When it comes to the unintended consequences of technology, no one could have foreseen the social side effects of smartphone usage. Marrying a small screen with mobile connectivity was meant to add convenience to our lives, and it predictably has; but it has also fundamentally changed how smartphone users communicate with people—to our detriment, I believe—and examples of this can be seen indoors and out, all around the world.
Part of me is relieved it isn’t just Americans. By now you’ve surely seen this photo, which began circulating earlier this year:
That’s Rembrandt’s The Shooting Company of Frans Banning Cocq and Willem van Ruytenburch, a/k/a The Night Watch, being ignored by schoolchildren in Amsterdam’s Rijksmuseum. (One blogger insists they are merely consulting the Rijksmuseum’s app, but does not back this up with any evidence.) The internet being an unkind place, parodies of the scene began popping up:
Perhaps the funniest was this one, which arms the Night Watch characters with modern kit, transforming a pole-arm into a selfie stick and adding iPads and Beats headphones for good measure:
The American comedian Louis C.K. had this to say about the drawbacks to allowing children to learn early communication skills via a smartphone:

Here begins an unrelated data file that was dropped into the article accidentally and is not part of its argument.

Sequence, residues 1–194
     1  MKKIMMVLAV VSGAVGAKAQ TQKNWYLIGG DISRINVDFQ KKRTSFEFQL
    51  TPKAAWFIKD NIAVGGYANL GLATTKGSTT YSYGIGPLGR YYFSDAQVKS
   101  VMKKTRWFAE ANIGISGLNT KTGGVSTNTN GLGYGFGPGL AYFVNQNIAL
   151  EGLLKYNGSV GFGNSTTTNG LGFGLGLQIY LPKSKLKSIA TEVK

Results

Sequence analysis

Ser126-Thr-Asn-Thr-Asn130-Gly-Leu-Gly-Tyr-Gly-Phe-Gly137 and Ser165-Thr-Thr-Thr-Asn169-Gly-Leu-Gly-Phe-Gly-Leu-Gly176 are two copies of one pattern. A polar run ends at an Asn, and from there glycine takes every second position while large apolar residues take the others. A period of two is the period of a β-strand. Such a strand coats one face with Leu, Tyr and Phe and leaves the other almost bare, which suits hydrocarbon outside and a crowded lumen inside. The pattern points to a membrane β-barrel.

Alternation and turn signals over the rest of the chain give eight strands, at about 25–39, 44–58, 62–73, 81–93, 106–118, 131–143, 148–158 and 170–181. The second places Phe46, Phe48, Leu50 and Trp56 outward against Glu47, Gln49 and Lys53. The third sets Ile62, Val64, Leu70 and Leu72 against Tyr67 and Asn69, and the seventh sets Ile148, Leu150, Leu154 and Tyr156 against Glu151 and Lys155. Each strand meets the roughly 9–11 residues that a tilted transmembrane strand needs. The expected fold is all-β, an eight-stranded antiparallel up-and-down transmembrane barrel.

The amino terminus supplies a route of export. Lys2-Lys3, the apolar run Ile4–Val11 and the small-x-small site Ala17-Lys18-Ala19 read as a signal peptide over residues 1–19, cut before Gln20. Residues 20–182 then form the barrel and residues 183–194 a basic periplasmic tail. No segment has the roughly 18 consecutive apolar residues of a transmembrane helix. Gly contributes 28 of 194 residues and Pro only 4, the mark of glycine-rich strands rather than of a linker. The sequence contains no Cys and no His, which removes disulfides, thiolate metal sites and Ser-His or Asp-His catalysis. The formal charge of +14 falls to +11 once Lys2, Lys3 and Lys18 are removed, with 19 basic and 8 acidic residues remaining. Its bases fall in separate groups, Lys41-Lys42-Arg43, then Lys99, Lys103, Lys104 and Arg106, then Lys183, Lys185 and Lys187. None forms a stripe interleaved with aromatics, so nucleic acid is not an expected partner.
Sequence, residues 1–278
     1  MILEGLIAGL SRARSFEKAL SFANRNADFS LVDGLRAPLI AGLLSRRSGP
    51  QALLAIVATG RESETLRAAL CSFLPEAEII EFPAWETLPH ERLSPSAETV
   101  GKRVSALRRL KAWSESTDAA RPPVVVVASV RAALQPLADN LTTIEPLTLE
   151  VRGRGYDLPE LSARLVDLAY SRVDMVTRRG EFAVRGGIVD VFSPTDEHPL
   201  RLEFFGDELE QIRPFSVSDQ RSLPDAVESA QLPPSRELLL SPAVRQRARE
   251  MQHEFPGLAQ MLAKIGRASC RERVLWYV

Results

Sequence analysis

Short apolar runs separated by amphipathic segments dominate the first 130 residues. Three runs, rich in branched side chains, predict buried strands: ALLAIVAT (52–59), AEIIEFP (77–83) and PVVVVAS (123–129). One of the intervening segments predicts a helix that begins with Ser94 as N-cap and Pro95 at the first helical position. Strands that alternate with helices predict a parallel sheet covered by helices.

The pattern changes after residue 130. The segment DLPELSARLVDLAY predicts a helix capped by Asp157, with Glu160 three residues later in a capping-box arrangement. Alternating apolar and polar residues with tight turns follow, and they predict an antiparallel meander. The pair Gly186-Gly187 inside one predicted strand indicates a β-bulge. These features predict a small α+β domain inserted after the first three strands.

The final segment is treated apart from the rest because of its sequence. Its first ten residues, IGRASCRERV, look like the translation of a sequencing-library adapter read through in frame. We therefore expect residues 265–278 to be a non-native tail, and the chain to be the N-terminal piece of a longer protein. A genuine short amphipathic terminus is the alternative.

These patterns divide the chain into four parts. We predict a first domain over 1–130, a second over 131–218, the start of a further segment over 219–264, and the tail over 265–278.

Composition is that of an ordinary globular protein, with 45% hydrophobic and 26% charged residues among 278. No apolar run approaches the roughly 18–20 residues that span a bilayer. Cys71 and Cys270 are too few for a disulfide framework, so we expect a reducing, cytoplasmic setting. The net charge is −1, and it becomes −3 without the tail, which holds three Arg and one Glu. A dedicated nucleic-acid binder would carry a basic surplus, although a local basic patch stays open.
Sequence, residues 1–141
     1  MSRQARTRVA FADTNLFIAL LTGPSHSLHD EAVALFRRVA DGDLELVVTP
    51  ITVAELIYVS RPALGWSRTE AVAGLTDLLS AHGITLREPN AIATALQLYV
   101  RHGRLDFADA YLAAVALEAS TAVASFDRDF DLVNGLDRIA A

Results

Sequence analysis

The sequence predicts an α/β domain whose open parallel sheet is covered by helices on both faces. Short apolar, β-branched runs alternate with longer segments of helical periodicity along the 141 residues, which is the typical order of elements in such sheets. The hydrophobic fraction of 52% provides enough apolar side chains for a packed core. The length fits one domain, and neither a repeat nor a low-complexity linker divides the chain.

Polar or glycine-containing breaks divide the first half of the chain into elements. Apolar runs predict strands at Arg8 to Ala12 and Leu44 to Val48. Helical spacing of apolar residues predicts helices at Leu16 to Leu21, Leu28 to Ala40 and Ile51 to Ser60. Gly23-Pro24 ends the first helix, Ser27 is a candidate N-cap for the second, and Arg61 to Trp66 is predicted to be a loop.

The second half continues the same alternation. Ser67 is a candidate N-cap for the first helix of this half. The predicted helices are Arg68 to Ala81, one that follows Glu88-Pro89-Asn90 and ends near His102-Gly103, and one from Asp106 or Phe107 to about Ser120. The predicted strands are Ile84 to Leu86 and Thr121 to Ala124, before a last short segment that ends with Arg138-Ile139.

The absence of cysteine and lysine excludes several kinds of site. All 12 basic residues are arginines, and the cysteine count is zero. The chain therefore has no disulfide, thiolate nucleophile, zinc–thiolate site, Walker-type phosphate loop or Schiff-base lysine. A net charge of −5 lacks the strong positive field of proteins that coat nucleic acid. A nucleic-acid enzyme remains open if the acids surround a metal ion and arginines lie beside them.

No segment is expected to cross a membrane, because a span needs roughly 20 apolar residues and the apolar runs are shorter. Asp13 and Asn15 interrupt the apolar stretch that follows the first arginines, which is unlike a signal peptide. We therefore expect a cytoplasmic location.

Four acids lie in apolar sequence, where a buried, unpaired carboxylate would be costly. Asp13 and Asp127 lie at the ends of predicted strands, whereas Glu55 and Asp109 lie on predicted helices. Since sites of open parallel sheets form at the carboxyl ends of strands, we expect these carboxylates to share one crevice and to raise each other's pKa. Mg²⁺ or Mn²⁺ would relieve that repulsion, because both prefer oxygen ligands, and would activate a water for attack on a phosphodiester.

Of course, we all know it’s not only kids that are being held in the thrall of smartphones. The New Yorker periodically skewers a wider age range of society with its trenchant cover art and cartoons:
So that’s Western society for you. Meanwhile, how are things over in China, the world’s largest smartphone market? According to award-winning animator Xie Chenglin, not much better. This piece by Xie, which won Beijing’s Central Academy of Fine Arts Annual Award, is dialogue-free so anyone can understand it. It’s also marginally NSFW:
The term “phubbing” was first coined a few years ago and referred specifically to the act of snubbing someone in person by burying your phone in your nose instead. It’s since expanded to signify a person’s total absorption into their phone, allegedly “connecting” to people and places remote to their location, while completely oblivious to the actual world around them.
In broad strokes this isn’t a new phenomenon; when I was growing up we had a similar (but bulkier) device with black-hole-like properties, it was called a television. The people in the trance of one were known as “shut-ins” or “couch potatoes.” The key difference is that “phubbers” can practice their vice whilst remaining mobile. So I guess we have made some progress.